they have the opportunitt. Let them
examine, scrutinise, turn over and turn
up everything, so that. their deeds may
be of lasting benefit to their country,
and a praise and erown of glory for
Now Mr. Editor, I will repeat, that
the voters should supp6rt no candidate
for the Convention who will not pledge
himself to break down the so-colled corn.
promise betwixt the upper and low
country, on the subject of represents.
tion in the Legislature.' Let us now
place both sections, upon a just and
.equal position. Let it-not be that a par.
ish with forty voters shall send a Sena
tor and representative td the Legisla
ture, while Fairfield and other larger
Districts send only one Senator and
three or four Representatives, with a
population 6f fifteen to twenty " hun.
The Convention will have to recon.
struet. Let this be done with gravity and
dignity. And if it be the will of the
Almighty that slavefry should go up.
I have heard very few object,
Ta: InnXPEsiHBLE ('O3FLIoT...-COn
yesterday afterngon,.a fracas dosurre#
btween a -pattrof the~ 54th MassaIchiU
sette Volunteers (ookc red) a'nd two of
the local police. ocqwuinned by thne dis
orderly condnei.t of thne fornier, sind, thei'
open violation of orders iid"'carrying and
birndishing stieki $be police', ina th~
disobarge of their dty..rmnsrt
and insisted upen the. glinguishment of
hesticks, .when o~ nIoletnee'.a$
thretene lyhe 01.aoldierg, and
only averted 5y b opfe ah~d fearlesq
action of oner W pf ee who Orednp
crowd. -t pds~sd'b
Later in teey
led by at tn lpad e ggvedy-'
whas edyAspree #
n h.kk.-~ .
The 1v4 or Of Charleston Dig
The Chad6n Courrer publishes the
following lettet' from Gen. Bennett,
commandhig, that post, addressed to
John E. Carew. Esq., in reply to an ap
plication made to the military authbti
ties for the surrender of the jail. Mr.
Carew is Sheriff of the District, and
proposed to restfine his official functions
under the recent proclamation of Gov.
ernor Perry. We publish the letter of
Gen. Bennett, as indicating the cqurse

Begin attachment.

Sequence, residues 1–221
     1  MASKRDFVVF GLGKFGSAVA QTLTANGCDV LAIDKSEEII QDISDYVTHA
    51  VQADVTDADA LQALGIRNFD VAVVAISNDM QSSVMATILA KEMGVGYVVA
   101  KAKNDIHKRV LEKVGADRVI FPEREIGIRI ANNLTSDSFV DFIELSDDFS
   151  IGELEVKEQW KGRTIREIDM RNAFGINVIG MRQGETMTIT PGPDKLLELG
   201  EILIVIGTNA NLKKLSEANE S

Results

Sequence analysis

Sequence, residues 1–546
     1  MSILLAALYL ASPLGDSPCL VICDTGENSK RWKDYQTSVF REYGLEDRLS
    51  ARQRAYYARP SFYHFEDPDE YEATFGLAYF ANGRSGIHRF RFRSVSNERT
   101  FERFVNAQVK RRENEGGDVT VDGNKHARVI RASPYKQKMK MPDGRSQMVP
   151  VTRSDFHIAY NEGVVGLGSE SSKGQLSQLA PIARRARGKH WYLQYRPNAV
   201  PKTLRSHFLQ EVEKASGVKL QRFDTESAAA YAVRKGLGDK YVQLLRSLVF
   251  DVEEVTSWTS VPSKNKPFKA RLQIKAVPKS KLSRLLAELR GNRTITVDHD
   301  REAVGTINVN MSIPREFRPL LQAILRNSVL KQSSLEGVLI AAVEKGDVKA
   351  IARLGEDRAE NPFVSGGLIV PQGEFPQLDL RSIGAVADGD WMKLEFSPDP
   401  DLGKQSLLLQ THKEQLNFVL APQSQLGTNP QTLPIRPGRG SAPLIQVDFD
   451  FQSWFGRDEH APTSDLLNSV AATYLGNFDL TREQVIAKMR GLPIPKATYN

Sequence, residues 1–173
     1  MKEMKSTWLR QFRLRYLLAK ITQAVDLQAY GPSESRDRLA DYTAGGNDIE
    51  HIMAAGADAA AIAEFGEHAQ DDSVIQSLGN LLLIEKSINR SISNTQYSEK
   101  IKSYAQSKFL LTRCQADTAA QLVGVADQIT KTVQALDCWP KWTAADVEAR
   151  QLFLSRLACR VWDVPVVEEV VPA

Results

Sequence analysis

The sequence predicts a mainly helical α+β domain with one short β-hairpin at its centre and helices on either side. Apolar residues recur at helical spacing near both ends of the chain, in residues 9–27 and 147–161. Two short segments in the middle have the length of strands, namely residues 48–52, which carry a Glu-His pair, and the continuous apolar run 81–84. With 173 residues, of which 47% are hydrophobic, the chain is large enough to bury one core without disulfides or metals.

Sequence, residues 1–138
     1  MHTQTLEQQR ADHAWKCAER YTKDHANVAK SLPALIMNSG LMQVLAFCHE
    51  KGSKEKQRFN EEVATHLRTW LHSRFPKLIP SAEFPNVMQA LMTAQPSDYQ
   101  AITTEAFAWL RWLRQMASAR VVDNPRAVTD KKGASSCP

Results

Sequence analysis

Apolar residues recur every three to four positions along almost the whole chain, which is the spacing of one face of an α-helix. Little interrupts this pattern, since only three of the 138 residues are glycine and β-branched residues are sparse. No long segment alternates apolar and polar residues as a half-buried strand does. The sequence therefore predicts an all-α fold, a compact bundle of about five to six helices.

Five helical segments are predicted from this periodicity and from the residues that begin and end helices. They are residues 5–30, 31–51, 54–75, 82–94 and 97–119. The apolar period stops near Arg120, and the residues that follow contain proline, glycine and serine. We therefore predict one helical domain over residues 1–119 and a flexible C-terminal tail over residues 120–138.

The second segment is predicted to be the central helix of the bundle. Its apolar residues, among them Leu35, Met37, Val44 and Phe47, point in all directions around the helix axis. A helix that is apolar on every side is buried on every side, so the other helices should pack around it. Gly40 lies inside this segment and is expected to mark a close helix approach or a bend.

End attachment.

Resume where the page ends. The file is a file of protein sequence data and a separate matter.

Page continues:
of the authorities in similar cases.
HEADQ'RS CITY OF -CHARLESTON,
Charleston, S. 0., July 31, 1865.
J. . Carew. Es.-Sra : I have the
honor to acknowledge the recoipt of
your communication of this date, in.
forming me that, in compliance with the
proclamation o1 Gov. Perry, you desire
to resume your duties as sheriff, and
take possession of the jail, now ini the
hands of the United States military au
I Would respectfully inform you that
any attempt upon your part to exercise
the functions of sheriff would directly
conflict with my, duties under existing
orders at military commandant of this
city and sub district.
Tlhe State is, at present under mar
shal law, and ,he proclamation which
appears in the Courier, of July 3 1st,
purporting to bLe issued by Governor
Perry, but which may be. like many
newspaper reports. erroneous or unan
thorized, can have no ihfluence upon or
control over my actions, teept I am
directed to recognize it by my superior
officers, under who-se immediate orders -
am serving. Should the proclamation
referred to above prove genuine, and its
policy sustained at Washington, I have
no doubt that the militay authorities in
this Department will receive instruc
tions for their guidance in the effort
which the Government is making to re
store the S4ito to. civil rule.
Respectfully, your obedient servant,
W. T. BKNNTT, ,
Brovet Brigadier General,
Com'd'g Post First Sub-District.
P. S.-I enclose a copy of an extract
of an order issued February 19, 1865,
declaring the city under nartial law,
and which trder I have received no in.
structions to revoke.
.W. T. BENNXETT,
Brevet Brigadier General Com'd'g.
HICADQUATKaS.U. S. FoeCrss,
Charleston, S. C., Feb. 19, 1865.
General Orders No. 1.
** * * * a *
Charleston is declared to be under
matial law. All functions . heretofore
exercised by the Mayor Commonality,
Civil and Criminal Courta, police au.
thorities and focal governments aro now
* * * a a *
A. G. BLNNETT,
L-Col. 21st U.S. C. T.,
Commanding City of Charleston and
P. M. Northern Diet. Dep. South.
Official: COARLS G. CHIPMAN,
Captain 54th Mass. Vol. and A. A.
MEMoIRIS or u1t5Wa.--afr. Edward
A. Pollard, whose natne is .already